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Tailoring biological treatment: anakinra treatment of posterior uveitis associated with the CINCA syndrome
  1. S C B Teoh1,
  2. S Sharma2,
  3. A Hogan2,
  4. R Lee3,
  5. A V Ramanan4,
  6. A D Dick5
  1. 1Bristol Eye Hospital, Bristol, UK
  2. 2Bristol Eye Hospital, Bristol, UK
  3. 3Department of Clinical Sciences at South Bristol, University of Bristol, Bristol Eye Hospital, Bristol, UK
  4. 4Department of Paediatric Rheumatology, North Bristol NHS Trust and Royal National Hospital for Rheumatic Diseases, Bath, UK
  5. 5Department of Clinical Sciences at South Bristol, University of Bristol, Bristol Eye Hospital, Bristol, UK
  1. Correspondence to: Professor A D Dick Department of Clinical Sciences at South Bristol, University of Bristol, Bristol Eye Hospital, Lower Maudlin Street, Bristol BS1 2LX, UK; a.dick{at}bristol.ac.uk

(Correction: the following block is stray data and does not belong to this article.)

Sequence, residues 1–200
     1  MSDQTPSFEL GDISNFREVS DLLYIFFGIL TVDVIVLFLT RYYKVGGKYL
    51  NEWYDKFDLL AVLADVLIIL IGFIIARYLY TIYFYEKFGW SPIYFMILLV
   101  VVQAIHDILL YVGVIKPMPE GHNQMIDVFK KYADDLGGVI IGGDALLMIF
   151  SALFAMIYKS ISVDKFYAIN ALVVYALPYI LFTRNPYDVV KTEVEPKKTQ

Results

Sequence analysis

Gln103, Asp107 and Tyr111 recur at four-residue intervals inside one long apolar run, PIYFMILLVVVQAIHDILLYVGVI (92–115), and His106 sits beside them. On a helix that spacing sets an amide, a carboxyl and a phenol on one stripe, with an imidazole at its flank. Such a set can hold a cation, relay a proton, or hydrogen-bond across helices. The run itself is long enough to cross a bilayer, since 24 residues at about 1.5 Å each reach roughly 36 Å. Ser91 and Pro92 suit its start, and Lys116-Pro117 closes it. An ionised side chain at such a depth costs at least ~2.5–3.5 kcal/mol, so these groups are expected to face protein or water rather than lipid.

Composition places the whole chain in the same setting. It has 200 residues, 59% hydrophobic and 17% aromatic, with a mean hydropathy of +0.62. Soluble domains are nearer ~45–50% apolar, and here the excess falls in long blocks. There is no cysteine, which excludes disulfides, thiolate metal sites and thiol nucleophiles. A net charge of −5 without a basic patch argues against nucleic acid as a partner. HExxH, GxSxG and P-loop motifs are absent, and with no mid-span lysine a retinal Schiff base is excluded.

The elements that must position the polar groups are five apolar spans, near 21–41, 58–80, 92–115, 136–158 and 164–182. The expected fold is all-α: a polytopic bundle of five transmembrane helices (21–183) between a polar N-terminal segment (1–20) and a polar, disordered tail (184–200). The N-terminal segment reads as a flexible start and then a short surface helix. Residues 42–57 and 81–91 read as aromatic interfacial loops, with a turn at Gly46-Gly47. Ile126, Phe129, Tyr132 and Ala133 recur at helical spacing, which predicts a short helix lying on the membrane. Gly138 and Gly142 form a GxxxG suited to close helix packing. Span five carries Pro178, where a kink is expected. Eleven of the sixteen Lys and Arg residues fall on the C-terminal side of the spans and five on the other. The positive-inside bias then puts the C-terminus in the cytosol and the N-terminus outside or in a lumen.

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Chronic infantile neurological cutaneous articular (CINCA) syndrome, also known as neonatal-onset multisystem inflammatory disease, is a rare congenital inflammatory disease characterised by cardinal signs including a variable congenital maculopapular urticarial rash, chronic non-inflammatory arthropathy with abnormal cartilage proliferation, and chronic meningitis with progressive neurological impairment associated with polymorphonuclear and occasionally eosinophilic infiltration.1 The CINCA syndrome is associated with childhood uveitis and papillitis with chronic disc swelling.2 It may occur as a result of mutations of the CIAS1 gene that encodes cryopyrin, which results in reduced apoptosis of the inflammatory cells with up regulation of interleukin 1 (IL1).3–5 Consequently, the CINCA syndrome responds poorly to immunosuppressives including steroids, and treatment has been limited until recent reports of successful treatment with the recombinant human IL1 receptor antagonist (rHuIL1Ra), anakinra (Kineret, Amgen, Thousand Oaks, California).6,7,8,9,10 We report the case of successful treatment with rHuIL1Ra of a patient with refractory …

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